The 1983 and 2007 hosts are competing against Tahiti and Guam for the right to stage the event in two years’ time, after Tonga pulled out because of a lack of government support.
Samoa were the first country to confirm their interest, with the Prime Minister writing to the Pacific Games Council last month to give his commitment of the government's support for the bid.
"I asked that we would be interested to host the Pacific Games and of course I always hold sports as a major outlet for many of our unemployed youth, so sport is very dear to me and I want to save the Games," he said.
"But then the council, in its wisdom, decided to go through the normal process to give every member the right to offer (their services), which of course is right, is correct".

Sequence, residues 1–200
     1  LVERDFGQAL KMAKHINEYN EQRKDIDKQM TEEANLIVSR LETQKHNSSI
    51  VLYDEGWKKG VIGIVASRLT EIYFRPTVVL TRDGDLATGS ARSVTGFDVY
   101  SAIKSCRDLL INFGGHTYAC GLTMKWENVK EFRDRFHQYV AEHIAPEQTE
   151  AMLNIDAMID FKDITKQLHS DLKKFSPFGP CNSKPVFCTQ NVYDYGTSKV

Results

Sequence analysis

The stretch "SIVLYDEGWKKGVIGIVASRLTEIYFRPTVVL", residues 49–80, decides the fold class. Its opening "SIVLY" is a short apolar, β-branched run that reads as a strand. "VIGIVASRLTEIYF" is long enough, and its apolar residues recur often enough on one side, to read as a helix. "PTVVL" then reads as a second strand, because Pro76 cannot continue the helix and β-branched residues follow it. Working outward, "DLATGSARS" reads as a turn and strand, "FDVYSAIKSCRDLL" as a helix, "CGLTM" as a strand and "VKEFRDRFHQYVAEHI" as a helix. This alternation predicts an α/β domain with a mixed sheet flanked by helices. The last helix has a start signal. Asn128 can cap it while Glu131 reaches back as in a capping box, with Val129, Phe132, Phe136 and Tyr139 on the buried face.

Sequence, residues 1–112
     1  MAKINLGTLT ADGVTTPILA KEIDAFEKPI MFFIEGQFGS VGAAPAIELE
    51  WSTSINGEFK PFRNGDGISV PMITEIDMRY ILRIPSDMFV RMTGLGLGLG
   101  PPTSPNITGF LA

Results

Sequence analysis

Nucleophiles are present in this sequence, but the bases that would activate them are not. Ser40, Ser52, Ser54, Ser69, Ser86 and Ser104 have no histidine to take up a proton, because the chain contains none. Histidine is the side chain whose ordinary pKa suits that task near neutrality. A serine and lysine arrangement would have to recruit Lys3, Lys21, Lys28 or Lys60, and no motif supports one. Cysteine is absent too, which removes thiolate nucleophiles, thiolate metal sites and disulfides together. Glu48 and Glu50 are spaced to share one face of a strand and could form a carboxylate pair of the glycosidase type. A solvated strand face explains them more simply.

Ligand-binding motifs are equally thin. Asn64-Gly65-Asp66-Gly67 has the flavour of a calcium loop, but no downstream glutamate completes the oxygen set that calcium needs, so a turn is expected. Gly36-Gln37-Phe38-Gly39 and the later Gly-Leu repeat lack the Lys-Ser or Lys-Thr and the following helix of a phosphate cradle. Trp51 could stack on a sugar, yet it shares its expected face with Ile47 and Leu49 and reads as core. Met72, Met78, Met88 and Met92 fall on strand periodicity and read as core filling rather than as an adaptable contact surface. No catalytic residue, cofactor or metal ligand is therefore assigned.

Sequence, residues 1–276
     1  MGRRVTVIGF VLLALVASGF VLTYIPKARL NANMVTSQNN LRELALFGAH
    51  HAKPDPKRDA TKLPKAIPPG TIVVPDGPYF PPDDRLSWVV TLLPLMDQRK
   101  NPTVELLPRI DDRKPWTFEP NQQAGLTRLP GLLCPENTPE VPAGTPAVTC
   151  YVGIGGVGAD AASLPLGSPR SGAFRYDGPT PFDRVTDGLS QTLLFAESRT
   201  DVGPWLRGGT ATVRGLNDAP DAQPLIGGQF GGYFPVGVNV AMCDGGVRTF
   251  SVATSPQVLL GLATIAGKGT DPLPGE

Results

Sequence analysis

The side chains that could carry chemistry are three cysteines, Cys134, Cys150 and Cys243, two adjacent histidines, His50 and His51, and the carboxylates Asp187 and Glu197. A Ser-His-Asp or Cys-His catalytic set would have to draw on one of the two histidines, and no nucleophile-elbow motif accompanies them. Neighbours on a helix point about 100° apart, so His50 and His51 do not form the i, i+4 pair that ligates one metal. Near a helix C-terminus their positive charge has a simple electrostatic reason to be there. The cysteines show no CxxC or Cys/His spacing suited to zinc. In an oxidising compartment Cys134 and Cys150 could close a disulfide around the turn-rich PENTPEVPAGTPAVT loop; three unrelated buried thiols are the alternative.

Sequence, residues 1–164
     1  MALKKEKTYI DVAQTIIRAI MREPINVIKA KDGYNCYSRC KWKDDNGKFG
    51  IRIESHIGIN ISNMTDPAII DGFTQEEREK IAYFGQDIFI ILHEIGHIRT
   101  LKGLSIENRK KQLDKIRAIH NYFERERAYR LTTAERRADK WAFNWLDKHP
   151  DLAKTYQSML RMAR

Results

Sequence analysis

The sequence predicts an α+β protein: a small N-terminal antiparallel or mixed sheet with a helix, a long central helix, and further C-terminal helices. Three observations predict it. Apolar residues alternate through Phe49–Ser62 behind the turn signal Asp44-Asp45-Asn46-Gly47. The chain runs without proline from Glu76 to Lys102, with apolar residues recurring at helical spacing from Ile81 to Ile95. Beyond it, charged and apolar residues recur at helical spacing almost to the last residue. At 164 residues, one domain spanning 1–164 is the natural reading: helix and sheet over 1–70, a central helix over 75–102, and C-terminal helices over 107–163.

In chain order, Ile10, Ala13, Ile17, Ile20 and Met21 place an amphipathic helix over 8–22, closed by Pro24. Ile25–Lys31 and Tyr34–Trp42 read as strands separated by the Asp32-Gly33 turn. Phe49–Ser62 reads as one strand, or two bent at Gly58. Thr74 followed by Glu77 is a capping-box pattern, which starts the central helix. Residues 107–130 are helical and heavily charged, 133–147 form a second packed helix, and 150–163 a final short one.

Tahiti and Guam have both held the Pacific Games on two occasions, most recently in 1995 and 1999.
But Tuilaepa believed Samoa had the upper hand.
"I could say that we are ahead in the sense that our facilities are ok," he said.
"You will remember that we hosted the Commonwealth Youth (Games) in 2015, December, so we will not have to spend so much money.
"At the same time we have already signed an agreement with China for the upgrading of sports fields that need further upgrading and I could see that we need to look again at the sports field where athletics are held.
"And in any case we are far ahead of any other island in the Pacific, in terms of the suitability of its sports fields to host the Games."
The successful host will be announced by the end of the month.